August 26, 2015 by Charlie Eisenhood in Opinion with 12 comments
In 1982, Irv Kalb and Tom “TK” Kennedy published the first-ever book about ultimate, titled “Ultimate: Fundamentals of the Sport.”
As you might imagine, Kalb and Kennedy were both Hall of Fame locks, and were both enshrined in the Hall in its inaugural year, 2004. Kennedy was the founder of the Ultimate Players Association and its first-ever Director. He also founded the Santa Barbara Condors and won numerous National Championships in his time as a player.
Kalb was perhaps the first big star on the East Coast. He captained Columbia High School in the early 1970s to an undefeated season and then dominated as a player at Rutgers from 1972-1976, finishing his career there with a record of 45-1. He helped develop the rules throughout the 1970s.
Many books and articles have since been published about ultimate and its strategies, tactics, and history, but theirs was first. The book remains surprisingly relevant — although it is light on in-depth tactics, its general approach to the game and the styles of offense and defense is still widely applied today. Here are some of the most interesting moments in the book.
1. The prevailing offensive theories haven’t changed much.
After outlining the above, the book goes on to describe the “flow offense,” a middle-ground between the two above theories that stands as the most widely-used approach among teams today. “The basic idea behind the flow,” they write, “is to complete passes in rapid succession by having receivers make proper cuts in sequence while the disc is moving downfield.” The concept of continuation cuts is right there, even if it is not named as such.
I think Atlanta Chain Lightning, instead of saying they run a huck-heavy offense because “chicks dig the long ball,” should instead say “an apple a play keeps the losses away.” OK, I’m reaching.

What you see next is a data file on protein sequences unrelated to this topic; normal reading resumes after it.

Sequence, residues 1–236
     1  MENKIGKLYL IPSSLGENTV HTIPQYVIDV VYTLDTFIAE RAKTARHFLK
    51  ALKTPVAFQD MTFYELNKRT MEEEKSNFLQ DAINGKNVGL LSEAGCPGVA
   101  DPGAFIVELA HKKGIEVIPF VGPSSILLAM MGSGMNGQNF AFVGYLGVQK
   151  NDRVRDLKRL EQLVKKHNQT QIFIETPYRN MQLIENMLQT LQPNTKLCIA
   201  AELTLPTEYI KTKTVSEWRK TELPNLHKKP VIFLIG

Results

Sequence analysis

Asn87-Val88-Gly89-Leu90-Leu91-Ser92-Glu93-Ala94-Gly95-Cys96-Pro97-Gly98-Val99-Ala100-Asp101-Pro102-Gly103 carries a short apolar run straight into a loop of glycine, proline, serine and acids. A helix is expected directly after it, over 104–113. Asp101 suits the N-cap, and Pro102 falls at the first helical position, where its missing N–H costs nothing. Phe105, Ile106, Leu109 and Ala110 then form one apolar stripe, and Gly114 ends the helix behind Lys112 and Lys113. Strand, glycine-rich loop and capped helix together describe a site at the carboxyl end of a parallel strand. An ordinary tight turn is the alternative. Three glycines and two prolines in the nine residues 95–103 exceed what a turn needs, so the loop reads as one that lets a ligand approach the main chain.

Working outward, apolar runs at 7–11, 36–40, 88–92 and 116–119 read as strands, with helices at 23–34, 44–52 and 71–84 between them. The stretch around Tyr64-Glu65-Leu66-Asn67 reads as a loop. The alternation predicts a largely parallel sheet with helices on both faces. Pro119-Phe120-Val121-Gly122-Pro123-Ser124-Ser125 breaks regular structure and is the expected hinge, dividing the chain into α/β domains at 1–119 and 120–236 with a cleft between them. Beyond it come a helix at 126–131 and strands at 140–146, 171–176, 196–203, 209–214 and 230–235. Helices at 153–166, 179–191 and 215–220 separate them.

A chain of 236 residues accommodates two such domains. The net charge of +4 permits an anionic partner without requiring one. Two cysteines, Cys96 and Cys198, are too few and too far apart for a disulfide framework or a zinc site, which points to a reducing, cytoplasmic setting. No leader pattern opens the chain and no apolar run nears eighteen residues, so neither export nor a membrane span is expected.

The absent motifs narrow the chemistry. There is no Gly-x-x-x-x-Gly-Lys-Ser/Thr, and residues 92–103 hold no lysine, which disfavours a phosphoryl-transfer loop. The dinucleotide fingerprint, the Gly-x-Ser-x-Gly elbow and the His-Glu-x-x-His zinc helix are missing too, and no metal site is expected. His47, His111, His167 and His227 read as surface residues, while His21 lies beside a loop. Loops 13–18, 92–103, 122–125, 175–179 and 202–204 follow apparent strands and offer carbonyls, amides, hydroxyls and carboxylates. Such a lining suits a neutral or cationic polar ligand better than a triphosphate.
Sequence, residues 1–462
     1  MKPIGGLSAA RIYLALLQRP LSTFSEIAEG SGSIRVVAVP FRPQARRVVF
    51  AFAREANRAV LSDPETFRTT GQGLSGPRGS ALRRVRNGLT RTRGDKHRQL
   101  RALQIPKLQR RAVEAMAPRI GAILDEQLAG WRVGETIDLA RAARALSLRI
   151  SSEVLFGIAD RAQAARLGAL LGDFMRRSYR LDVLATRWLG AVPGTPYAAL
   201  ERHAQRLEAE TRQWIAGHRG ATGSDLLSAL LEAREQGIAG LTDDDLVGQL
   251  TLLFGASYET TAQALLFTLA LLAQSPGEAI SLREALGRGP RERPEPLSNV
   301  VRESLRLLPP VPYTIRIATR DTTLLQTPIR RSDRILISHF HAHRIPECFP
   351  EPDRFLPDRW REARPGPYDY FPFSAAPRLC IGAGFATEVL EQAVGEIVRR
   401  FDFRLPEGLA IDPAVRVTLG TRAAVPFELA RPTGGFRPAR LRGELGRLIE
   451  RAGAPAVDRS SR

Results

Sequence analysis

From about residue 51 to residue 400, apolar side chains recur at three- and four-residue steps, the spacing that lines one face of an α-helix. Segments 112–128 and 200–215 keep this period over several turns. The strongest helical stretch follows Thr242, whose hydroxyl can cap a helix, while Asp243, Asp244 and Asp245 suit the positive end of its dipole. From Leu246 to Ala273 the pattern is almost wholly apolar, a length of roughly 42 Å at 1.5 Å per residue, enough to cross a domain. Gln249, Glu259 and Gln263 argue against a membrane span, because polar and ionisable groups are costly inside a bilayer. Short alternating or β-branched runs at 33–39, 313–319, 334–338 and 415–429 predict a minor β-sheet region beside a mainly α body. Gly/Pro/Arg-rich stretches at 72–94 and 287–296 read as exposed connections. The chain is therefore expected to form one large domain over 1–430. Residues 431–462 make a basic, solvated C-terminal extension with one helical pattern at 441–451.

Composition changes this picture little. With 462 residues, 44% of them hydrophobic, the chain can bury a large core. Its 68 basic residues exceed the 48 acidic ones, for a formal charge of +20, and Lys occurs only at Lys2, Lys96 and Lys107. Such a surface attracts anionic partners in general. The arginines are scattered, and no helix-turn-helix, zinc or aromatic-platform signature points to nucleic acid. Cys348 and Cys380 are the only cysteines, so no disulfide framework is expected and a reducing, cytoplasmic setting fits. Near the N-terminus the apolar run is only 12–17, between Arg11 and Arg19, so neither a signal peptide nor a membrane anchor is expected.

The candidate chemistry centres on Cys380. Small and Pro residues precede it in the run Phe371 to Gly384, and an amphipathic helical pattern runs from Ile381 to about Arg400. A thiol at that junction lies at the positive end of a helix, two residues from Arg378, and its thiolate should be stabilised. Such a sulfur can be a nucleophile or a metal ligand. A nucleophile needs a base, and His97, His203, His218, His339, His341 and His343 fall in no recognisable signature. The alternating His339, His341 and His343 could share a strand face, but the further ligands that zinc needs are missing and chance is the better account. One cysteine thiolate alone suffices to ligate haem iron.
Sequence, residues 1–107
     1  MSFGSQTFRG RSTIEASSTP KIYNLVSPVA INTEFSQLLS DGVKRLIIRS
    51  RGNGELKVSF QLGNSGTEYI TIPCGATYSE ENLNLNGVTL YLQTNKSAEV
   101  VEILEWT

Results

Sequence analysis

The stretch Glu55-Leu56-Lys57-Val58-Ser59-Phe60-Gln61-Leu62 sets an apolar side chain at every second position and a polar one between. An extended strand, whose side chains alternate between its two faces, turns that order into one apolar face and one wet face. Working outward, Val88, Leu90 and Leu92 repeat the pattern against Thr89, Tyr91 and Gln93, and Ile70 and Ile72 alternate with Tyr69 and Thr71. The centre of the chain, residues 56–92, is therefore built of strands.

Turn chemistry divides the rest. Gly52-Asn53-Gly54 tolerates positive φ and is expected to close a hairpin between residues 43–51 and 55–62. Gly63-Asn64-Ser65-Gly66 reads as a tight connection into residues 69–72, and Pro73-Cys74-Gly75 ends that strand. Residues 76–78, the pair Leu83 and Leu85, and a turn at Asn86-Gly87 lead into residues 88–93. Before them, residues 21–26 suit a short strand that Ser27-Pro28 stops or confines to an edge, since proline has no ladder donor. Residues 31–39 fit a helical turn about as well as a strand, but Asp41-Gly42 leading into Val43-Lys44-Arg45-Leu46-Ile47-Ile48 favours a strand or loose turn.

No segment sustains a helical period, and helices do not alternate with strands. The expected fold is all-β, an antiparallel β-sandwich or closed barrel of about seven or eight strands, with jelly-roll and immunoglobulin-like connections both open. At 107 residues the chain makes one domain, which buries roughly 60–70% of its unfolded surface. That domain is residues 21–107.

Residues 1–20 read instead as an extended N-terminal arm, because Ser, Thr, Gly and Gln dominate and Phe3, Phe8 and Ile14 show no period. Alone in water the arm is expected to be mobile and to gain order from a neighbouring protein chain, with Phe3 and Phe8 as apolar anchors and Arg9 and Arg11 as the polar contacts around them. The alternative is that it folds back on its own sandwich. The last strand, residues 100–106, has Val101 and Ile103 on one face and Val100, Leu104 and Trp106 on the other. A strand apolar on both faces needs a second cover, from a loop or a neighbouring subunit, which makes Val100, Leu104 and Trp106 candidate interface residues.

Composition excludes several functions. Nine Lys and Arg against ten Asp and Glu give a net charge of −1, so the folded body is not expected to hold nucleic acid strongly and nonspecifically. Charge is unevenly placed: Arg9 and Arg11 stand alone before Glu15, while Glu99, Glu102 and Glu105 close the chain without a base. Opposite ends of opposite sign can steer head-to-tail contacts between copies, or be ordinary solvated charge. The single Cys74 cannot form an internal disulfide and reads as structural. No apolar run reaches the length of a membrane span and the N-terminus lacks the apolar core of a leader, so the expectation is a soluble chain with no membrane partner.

2. The Relative-Position Theory of defense is fascinating.
I had never heard of this concept until reading the book. And I’ve never seen the idea presented that you should always form a ninety degree angle between the receiver you are covering, yourself, and the thrower (as illustrated). The idea is that you have a “cut off angle” to make a play on the disc and maintains sight lines and proper alignment to guard the open side of the field.
There is some very good material in the book about key man defense concepts, like constantly repositioning, staying in visual contact with both the thrower and the receiver, and comparing your speed/quickness/agility to that of your mark and cushioning as necessary.
It also mentions fronting defense as a tactic, though it points out that it makes you “more susceptible to being beatn by a longer downfield pass.”
3. Blades used to be called knives.
The terminology in ultimate has changed a lot since the ’70s. There were no references to a forehand or flick (called a sidearm in the book), throwing a huck is never mentioned (instead, long pass), and a pancake catch is called “clamping.” But surely the most surprising term was “knife” to describe a vertical pass.
Oh, and sky? It’s in there.
4. It’s not about cutting open side v. break side. It’s about the bubble.
This is another concept I had never heard described, but makes a great deal of intuitive sense. Instead of thinking about cutting into the open side space or the break side space, imagine that each thrower has a “bubble” where they are capable of throwing the disc. Better throwers have bigger bubbles. Your goal as a cutter is to get into that bubble.
We do this intuitively, of course, after developing chemistry with our teammates. You know the thrower has a great break scoober? You cut for it. But this idea of space is one that is worth thinking about — you don’t clear the open space after a cut, you clear out of the bubble.
5. Ultimate is awesome because of the versatility of the disc.
This graphic does a lot to describe why ultimate is so great. A ball flies in one trajectory. A disc can go almost anywhere on the field with the right throw.
6. These rules for the thrower are pretty spot-on.
You can maybe quibble a bit with one or two items on this list, but these general rules for throwers are ones you could live by. Number 10 is underrated — no player on the field is more dangerous than a handler that cuts immediately after their throw.